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Delaware Assistive Technology Initiative

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Volume 12, No. 2, Spring 2004

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Help! I’ve Got Pac-Man Fever

Marvin Williams, AT Specialist, Kent County ATRC

Okay, I admit it. I enjoy video games, and I am not alone. In 2003, according to NPD Group, the leading marketing information provider, the console, portable, and PC game industry made a reported $11.2 billion in sales. I know I was not responsible for all of those sales! Millions of people around the world enjoy playing video games. The games provide a means of interactive entertainment that can rival some movies. Yet, physical or sensory limitations may prevent some individuals from playing. The controllers that most console and PC games use can be difficult for those with limited dexterity to manipulate. Video games may also limit those with visual impairments, as the games usually rely heavily on the player being able to see and interact with actions or events on the screen. However, there are modifications and adaptations that may make video games more accessible.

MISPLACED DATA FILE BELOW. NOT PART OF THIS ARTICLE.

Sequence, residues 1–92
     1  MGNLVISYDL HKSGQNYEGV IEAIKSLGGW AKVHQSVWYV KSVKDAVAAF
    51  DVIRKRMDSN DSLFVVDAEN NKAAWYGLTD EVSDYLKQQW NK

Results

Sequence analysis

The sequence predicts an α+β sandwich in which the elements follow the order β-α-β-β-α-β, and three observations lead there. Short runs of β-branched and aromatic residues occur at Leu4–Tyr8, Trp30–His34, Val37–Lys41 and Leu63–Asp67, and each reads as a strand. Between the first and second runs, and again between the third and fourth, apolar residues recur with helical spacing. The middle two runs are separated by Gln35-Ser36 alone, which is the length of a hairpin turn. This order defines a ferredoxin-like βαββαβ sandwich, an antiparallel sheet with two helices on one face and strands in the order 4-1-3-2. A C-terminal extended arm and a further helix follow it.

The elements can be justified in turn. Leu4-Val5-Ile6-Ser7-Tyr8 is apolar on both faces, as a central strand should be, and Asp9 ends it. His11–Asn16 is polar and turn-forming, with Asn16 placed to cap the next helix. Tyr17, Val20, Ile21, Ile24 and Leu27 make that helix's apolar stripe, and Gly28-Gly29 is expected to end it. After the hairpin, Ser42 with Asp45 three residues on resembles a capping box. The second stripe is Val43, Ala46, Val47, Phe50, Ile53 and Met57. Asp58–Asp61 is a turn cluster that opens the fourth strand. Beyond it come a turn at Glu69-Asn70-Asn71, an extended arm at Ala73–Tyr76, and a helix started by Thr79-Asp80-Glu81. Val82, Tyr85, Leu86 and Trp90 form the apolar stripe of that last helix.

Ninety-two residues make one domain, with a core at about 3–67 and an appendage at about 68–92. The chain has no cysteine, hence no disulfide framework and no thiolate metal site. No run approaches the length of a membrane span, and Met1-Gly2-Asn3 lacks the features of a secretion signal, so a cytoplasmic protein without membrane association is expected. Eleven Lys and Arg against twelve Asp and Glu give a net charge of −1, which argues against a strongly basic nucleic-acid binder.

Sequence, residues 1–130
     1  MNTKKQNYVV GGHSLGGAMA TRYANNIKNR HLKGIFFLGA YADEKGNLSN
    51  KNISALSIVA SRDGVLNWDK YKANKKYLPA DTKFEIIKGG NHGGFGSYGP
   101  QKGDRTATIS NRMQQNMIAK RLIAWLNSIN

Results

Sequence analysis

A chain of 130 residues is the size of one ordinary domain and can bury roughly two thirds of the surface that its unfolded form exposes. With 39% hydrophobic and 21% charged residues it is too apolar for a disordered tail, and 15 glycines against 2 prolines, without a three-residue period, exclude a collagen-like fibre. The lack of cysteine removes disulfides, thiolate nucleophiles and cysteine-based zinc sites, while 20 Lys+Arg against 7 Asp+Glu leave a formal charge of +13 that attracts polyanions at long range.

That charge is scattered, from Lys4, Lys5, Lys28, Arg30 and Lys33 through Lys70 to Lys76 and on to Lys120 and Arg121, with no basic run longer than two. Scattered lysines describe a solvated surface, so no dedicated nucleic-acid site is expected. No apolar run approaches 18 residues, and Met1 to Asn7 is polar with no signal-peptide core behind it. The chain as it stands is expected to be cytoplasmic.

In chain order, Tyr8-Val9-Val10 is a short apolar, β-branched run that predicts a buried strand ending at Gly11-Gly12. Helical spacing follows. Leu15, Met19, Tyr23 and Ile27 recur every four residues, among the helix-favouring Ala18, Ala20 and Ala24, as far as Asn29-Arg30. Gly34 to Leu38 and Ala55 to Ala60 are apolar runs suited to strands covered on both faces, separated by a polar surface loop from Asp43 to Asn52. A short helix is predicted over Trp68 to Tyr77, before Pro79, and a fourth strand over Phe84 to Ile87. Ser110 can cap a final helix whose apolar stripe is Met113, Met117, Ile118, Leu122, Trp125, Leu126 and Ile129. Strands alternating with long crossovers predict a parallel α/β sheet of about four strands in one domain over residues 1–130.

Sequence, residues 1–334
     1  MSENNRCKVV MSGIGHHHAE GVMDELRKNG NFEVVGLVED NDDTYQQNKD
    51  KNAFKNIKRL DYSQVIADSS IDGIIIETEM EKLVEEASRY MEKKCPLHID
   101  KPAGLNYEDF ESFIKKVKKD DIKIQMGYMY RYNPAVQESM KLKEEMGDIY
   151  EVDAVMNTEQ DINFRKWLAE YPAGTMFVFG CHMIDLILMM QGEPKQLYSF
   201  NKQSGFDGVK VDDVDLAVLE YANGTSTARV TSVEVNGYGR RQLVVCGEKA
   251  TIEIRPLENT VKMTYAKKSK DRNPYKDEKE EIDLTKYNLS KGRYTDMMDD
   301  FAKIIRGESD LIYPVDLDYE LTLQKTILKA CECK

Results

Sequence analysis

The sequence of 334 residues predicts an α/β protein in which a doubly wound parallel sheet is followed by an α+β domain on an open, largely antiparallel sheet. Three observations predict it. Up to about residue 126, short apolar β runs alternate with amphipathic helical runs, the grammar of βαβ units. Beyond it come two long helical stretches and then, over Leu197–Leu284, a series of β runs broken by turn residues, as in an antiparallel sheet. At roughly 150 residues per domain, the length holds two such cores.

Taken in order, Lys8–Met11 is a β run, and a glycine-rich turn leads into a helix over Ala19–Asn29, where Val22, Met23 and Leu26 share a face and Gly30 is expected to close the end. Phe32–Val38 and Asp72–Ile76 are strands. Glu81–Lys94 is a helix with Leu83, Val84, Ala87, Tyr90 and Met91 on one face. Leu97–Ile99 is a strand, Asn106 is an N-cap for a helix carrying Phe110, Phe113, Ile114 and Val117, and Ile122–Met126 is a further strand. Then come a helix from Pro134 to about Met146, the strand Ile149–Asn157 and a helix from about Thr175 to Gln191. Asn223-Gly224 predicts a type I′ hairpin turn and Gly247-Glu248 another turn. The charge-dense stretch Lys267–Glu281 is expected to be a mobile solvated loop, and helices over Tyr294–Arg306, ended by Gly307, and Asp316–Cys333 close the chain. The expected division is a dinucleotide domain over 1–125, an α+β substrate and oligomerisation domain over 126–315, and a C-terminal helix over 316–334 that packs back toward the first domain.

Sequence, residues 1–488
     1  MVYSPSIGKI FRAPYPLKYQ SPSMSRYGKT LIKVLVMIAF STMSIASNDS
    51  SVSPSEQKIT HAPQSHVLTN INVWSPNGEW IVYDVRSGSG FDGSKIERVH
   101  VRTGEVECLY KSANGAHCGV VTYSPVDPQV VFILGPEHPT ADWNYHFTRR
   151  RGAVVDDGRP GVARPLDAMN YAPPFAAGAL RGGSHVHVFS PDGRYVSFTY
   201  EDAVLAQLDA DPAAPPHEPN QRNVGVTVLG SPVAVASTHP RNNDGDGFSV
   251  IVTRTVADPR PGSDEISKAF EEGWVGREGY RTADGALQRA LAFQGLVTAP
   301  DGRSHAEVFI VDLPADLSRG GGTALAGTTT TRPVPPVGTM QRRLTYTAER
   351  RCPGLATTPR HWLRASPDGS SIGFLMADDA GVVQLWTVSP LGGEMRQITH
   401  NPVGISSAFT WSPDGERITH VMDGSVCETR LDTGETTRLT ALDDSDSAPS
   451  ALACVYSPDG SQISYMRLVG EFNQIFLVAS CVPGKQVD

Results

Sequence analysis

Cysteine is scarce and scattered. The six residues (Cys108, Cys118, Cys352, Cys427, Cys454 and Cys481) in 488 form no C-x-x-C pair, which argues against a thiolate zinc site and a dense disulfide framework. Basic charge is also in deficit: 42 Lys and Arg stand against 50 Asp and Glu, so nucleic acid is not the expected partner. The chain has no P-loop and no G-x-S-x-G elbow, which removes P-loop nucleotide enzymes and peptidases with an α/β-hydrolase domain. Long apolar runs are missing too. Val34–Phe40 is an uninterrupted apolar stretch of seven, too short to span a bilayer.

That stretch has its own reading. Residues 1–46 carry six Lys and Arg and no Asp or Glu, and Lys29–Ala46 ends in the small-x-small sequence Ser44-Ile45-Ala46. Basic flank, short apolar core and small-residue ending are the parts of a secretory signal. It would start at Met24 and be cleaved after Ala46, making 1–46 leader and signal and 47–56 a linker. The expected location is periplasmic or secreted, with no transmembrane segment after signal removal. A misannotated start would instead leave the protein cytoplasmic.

I first learned of Ken Yankelevitz and KY Enterprises (KYE),, when I contacted Sony regarding an adapted controller for their PlayStation ® video game system. Sony told me they did not have any immediate plans to pursue adapted video game controllers, but I might want to contact KYE for assistance. Ken Yankelevitz is the owner of KYE, a company that makes adapted video game controllers. He was an aerospace engineer for ten years prior to starting the company in 1981 when Atari ® referred him to a teenager with quadriplegia who wanted to play video games again.

“He was depressed and his family and church were searching for something to spark his interest in living after his accident," Ken said.

After the Atari project, Ken was asked to help one of the foremost rehabilitation hospitals in the country, Rancho Los Amigos National Rehabilitation Center in Downey, CA.

"[That's] where I met several rehab specialists," Ken stated. It was also there that he met Kirk Kilgour, a former collegiate athlete and quadriplegic.